Former enemies now share peacekeeping duties in Kosovo

If you told Kostadin Kostadinov 10 years ago that Polish, Czech, Hungarian, and Turkish NATO troops would be passing through Bulgaria in 1999, with orders to protect Muslim ethnic Albanians in Yugoslavia, he would have thought you were crazy.

But last Saturday afternoon, the retired accountant was among a small crowd of spectators waiting at a busy intersection in the Bulgarian capital, Sofia, to catch a glimpse of the Turkish contingent bound for Kosovo to join the NATO-led peacekeeping force, or KFOR.

The mechanized battalion of 1,006 military personnel included a road convoy of 52 vehicles carrying tanks, equipment, and soldiers, and six rail convoys with the rest.

The historical symbolism in the unprecedented geopolitical lineup in Kosovo is striking, bringing together former enemies among the Warsaw Pact and NATO countries, as well as Turkey and former subjects of the Ottoman Empire.

Polish and Czech NATO troops passed through Romania, Bulgaria, and Macedonia last week bound for Kosovo, and Hungarian NATO troops are expected soon. In addition, at NATO's request, Bulgaria, Romania, and Hungary temporarily closed their airspace to Russia over the weekend, until a dispute over the Russian deployment in Kosovo was settled Monday.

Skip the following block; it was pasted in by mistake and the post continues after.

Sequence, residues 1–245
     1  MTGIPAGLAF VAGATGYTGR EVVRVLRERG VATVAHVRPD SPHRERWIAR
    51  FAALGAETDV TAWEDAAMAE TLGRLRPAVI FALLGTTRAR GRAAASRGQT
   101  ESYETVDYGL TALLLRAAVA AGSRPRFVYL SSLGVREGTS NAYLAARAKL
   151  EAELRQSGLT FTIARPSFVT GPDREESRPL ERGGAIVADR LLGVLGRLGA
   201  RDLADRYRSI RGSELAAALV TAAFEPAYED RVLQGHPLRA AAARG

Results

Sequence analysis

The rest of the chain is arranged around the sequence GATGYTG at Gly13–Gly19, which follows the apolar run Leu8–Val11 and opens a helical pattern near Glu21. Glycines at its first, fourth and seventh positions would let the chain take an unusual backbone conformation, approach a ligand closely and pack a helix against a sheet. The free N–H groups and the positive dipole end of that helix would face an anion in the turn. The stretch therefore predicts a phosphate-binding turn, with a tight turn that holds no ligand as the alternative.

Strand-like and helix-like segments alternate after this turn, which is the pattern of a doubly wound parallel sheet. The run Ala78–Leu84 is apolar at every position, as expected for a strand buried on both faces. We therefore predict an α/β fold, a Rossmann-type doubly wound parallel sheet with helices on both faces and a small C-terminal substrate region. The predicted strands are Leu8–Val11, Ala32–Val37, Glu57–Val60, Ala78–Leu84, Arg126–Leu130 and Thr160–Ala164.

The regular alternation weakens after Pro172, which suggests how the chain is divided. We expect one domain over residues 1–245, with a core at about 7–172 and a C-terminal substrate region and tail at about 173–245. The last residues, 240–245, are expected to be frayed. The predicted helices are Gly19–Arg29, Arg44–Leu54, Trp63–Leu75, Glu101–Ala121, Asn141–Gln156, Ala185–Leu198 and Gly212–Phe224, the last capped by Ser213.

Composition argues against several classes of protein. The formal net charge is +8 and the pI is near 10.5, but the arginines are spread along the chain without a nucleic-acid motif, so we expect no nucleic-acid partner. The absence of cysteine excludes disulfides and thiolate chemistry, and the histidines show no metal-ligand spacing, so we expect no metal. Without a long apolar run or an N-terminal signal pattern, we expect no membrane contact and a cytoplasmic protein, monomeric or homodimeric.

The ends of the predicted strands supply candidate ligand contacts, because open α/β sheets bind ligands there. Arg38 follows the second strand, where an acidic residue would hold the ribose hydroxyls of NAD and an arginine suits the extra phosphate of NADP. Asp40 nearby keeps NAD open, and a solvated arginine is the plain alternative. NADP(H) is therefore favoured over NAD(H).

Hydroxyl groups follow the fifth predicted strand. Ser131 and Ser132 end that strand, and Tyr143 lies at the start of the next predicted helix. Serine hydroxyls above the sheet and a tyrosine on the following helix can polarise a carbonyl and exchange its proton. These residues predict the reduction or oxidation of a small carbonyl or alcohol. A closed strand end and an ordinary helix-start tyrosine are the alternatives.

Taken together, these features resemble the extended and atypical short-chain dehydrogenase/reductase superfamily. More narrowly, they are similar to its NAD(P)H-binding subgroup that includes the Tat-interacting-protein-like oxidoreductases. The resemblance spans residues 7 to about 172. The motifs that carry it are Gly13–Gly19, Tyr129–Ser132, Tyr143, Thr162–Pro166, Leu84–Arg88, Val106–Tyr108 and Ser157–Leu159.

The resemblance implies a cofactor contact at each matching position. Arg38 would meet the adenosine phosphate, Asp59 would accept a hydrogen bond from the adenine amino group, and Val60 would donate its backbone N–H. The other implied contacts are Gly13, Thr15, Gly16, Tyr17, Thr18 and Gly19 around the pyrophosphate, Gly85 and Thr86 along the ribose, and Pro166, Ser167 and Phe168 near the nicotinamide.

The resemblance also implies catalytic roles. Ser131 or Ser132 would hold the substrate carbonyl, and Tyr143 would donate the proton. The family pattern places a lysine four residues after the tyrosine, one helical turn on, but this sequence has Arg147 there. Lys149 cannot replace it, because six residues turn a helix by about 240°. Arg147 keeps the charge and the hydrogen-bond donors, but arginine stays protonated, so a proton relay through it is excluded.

It is an irony that today's bitter ethnic strife in the Balkans could lead to a mending of old prejudices, as southeastern European states aspiring to NATO membership learn to swallow their hatred of former oppressors. The alliance may become a crucible, melting down ancient rivalries to forge a stronger Europe.

"We need to forget about the past for a better future," says Mr. Kostadinov. "Since we will join NATO, we must allow NATO troops to pass."

More than a century before Columbus sailed for the New World, Ottoman Turkey was a global superpower. At its height, the empire spanned three continents, from Vienna to Baghdad and Casablanca to Cairo, ruling for more than 500 years.

At its peak, Ottoman civilization was among the most sophisticated in the world, tolerant of different cultures, religions, and races. But in the 19th century, it tried to stem decay by brutally crushing its Balkan subjects. It was only in 1908 that Bulgaria gained full sovereignty from Turkey. Macedonia and Albania were not independent until 1912.

But in Tetovo, Macedonia, ethnic Albanian residents welcomed their fellow Muslim Turks like heroes. The Turkish force plans to be completely operational in Kosovo today. The force will initially patrol the southern border region with Albania and Macedonia, where few Serbs live.

But NATO officials remain concerned about the potential blowup that could follow any violent incident between Turkish soldiers and Orthodox Christian Serbs. Many Serbs regard the province of Kosovo as the cradle of their culture, which they trace back to the Serbian defeat at the battle of Kosovo Polje in 1389. Ottoman Turkish forces were the victors.

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